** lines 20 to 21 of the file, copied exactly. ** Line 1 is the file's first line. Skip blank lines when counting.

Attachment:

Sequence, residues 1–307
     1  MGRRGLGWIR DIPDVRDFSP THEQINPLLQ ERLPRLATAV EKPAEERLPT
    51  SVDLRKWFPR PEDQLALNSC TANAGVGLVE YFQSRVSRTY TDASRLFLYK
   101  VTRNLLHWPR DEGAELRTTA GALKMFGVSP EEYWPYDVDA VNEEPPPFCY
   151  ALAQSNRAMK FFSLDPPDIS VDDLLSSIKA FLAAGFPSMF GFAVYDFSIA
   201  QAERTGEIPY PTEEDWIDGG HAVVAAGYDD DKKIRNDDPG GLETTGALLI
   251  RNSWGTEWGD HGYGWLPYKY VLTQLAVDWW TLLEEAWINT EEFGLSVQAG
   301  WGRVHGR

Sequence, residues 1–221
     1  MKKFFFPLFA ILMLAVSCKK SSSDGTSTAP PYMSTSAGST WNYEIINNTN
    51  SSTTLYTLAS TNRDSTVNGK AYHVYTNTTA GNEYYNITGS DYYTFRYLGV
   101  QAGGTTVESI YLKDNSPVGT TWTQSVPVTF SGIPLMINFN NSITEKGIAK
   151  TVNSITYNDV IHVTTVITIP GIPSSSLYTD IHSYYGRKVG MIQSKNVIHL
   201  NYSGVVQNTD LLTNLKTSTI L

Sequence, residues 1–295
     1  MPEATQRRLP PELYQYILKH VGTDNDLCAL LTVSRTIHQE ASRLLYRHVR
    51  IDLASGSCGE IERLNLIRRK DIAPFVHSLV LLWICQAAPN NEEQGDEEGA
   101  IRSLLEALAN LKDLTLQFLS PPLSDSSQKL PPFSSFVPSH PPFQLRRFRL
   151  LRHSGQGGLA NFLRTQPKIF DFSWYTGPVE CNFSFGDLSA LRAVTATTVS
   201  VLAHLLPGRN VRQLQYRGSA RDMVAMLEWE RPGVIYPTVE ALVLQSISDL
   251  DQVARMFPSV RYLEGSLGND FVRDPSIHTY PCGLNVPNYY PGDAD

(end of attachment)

   201  VLAHLLPGRN VRQLQYRGSA RDMVAMLEWE RPGVIYPTVE ALVLQSISDL
   251  DQVARMFPSV RYLEGSLGND FVRDPSIHTY PCGLNVPNYY PGDAD